In mid-July my six year old son AB and I packed our car full and headed south to California. We spent three weeks at my mom's. It is the home where I grew up, on six acres of beautiful land. It is made of the stuff of little boys dreams, and big girls respite. We walked Mom's dog Butler nearly every day and watched the birds bathe and wild turkeys cross the pasture.
AB loved to open the gate to Mom's garden and wander in to pick green beans, or hunt for lizards and grasshoppers. He swatted at the bees enjoying the zinnias and learned to step carefully so as not to disrupt the new plants just beginning to pop. He knew to secure the gate with the bungee cords so no deer made themselves at home in the middle of the night. He dug in the dirt, the gravel, found nature treasures and went to bed many nights with the scent of dirt still in his hair.
I loved to sip my morning coffee while the sun peeked up over the hill, and the birds gathered food. My morning runs along the country road brought peace and clarity, and beauty that I don't get to see as much as I would like. I loved being present in my Mom's days; meeting her friends at her water aerobics class, hearing her proudly introduce me as her baby from Portland.
Almost every evening was spent eating dinner around the kitchen table, the same table where I sat growing up. Instead of Dad at the head, AB proudly took his spot. Our meals were fresh and light, and usually made by mom. I pitched in a bit, but not often. Not often enough. I love to watch her cook. She has always been fabulous, and we rarely ate out when I was young. Most of what we ate was from her garden. I can remember as a child telling her I was hungry, then go outside and pick something to eat, she'd say. My favorite was a bell pepper sandwich - bell pepper still warm from the sun, light mayo on white bread and a bit of salt. The warm, soft, crunchy, combination is still so clear in my mind.
I love to watch my mom chop, toss, barbecue. She's become quite the grill master in the past few years. She makes it all look easy, the way she brings it together. The meals were simple, but delicious, flavorful and fresh. I enjoyed being on the receiving end once again. In her kitchen, her way, her one last bit of basil sprinkled on top.
The second week into our stay AB and I rode the train to Sacramento for a baseball game with friends. It was his first train ride and he sat and watched the world go by. On the return trip home we pulled out our coloring books and spent time coloring, he in his, me in mine. We shared a bit, and commented on each others work. At one point AB reached out and touched my hand and said, your skin is turning crinkly like Grandmas.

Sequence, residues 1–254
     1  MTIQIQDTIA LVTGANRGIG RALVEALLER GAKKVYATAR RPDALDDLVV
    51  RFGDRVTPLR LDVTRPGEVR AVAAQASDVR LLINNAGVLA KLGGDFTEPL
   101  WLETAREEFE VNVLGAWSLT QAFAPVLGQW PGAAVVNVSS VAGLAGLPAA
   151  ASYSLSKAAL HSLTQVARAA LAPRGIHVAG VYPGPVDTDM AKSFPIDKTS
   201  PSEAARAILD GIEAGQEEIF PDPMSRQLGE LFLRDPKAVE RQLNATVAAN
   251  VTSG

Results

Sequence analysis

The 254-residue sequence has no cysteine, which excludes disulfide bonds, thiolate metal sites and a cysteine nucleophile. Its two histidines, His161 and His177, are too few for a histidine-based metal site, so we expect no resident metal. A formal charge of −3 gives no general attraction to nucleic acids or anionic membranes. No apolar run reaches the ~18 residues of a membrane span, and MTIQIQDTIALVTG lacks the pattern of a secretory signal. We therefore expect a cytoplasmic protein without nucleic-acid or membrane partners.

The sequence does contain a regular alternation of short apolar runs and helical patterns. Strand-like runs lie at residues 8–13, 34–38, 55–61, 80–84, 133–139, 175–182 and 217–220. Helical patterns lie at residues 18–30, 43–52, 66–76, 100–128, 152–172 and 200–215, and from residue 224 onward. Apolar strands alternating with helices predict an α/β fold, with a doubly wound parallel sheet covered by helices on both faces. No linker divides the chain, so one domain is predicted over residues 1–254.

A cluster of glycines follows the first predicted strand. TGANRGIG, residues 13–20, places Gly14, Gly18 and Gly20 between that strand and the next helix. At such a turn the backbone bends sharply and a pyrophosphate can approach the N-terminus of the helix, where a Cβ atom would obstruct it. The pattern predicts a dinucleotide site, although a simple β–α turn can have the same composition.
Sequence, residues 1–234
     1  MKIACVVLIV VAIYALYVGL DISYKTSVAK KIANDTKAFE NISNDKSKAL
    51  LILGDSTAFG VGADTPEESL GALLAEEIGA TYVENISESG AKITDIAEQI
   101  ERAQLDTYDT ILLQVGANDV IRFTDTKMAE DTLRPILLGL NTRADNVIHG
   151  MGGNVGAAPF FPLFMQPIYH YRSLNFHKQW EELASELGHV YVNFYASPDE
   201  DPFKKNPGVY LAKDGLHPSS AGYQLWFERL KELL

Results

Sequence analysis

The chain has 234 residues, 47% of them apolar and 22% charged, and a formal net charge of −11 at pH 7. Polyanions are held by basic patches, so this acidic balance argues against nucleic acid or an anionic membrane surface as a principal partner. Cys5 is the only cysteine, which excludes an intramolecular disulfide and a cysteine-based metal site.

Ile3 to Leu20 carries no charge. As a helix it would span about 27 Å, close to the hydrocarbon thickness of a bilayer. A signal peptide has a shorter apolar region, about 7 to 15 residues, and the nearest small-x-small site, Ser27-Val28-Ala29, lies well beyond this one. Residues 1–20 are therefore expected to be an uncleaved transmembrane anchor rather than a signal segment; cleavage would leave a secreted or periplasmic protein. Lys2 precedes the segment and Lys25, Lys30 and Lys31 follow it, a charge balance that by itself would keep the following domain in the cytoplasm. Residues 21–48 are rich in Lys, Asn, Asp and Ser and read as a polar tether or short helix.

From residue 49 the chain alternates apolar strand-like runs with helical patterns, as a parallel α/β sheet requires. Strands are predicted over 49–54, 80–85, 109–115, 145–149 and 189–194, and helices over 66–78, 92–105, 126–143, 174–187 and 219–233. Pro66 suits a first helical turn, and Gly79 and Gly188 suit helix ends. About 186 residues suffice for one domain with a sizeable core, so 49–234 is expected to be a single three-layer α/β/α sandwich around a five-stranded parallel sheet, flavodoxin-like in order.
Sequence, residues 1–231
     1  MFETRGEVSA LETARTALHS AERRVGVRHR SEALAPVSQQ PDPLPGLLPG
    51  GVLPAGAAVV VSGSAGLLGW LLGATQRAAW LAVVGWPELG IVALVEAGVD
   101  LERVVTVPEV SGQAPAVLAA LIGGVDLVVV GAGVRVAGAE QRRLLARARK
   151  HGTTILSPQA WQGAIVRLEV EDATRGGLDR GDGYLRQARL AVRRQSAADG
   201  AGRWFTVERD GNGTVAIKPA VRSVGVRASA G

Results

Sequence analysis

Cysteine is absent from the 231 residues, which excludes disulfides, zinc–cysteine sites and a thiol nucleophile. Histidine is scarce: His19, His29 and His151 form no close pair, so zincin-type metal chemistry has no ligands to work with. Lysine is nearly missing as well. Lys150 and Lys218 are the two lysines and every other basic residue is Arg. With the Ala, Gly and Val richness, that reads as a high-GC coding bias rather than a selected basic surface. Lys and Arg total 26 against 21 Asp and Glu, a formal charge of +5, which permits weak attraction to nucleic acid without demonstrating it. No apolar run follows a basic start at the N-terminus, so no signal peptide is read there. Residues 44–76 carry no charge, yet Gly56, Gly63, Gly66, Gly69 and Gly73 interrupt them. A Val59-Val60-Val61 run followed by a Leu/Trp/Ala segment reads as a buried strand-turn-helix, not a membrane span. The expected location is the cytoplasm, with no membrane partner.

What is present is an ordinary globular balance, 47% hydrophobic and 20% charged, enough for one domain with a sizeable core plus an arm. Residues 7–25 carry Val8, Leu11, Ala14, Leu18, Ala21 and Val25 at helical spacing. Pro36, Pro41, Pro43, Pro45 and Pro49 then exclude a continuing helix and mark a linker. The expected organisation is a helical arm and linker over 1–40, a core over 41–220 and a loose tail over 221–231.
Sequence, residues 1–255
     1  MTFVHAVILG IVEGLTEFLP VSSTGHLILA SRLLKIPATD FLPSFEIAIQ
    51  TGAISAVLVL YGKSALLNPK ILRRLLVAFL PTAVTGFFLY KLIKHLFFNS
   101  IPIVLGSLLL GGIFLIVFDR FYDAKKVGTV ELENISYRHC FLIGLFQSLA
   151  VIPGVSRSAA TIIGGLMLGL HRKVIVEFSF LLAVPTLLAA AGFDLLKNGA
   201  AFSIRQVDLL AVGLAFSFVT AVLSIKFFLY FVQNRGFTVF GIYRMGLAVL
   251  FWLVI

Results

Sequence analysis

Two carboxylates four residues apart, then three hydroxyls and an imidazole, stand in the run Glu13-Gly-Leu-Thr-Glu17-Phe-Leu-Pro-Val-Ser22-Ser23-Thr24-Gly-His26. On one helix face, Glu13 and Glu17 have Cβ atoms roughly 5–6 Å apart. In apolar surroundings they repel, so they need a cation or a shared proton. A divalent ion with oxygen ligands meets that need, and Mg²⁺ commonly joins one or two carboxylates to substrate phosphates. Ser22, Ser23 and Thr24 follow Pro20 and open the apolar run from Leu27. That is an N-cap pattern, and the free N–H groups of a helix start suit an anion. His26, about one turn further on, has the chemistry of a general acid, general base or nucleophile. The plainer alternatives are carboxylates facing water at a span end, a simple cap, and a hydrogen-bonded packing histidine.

He is right. My hands are turning crinkly. They have been for some time. Shortly after my 30th birthday some years ago, I can remember being on a train, writing in my journal on my morning commute to work. I traced my hand, drew in all the wrinkles I saw. I wrote about not feeling 30, but seeing age in my hands.
As I have sat with AB's observation of my hands, I keep coming back to this - I should be so lucky. Crinkles hold stories. I hope my hands are not only crinkly like my Moms but also have the same ability to love, nurture, feed, comfort, and do half as much good as her hands have done. Her hands are those of a hospice nurse who held families in final goodbyes; hands that sewed dresses, Halloween costumes, and lost buttons. Her hands draw and sketch and write lovely birthday, anniversary and just because cards. Her hands grow, tend and cook food that filled the bellies of her family for years. Her hands hold and comfort, rub tired feet at night and backs when achey. Hands that provided loving care for my Dad until he passed peacefully in his sleep, with her by his side, with her hands stroking his forehead I am sure.
On our last night in California I had gone to town to enjoy a farewell beer with dear friends. I headed home after dark and called to let Mom and AB know I was on my way. Thunder and lightening were in the distance, she reminded me to drive carefully. I pulled into the dark driveway and my headlights caught my mom and AB sitting on the tailgate of my Dads truck. As I turned off the headlights, lightening filled the sky and the sight of them sitting together, eyes wide, mouths open is astonishment, I caught my own breath. My son and my mom, creating memories, delighting in each other and the wonder of nature. It was a moment where my Mama heart and daughter heart collided, and I was filled peace. Stories were being written.
In five days I send AB off to Kindergarten. I am not the first or the last mom to do so, but he is my first, and my last. You can imagine where my heart is. In addition to the sun-kissed highlights in his hair, the farmer tan on his arms, I know he is full of summer memories. My hope is that as he goes out on this new adventure, without me beside him, that he remembers my hands - hands that love, guide, soothe, comfort and tend. Hands that hold stories, that say I love you and I believe in you and I am here for you. Always. Mom hands. Crinkles and all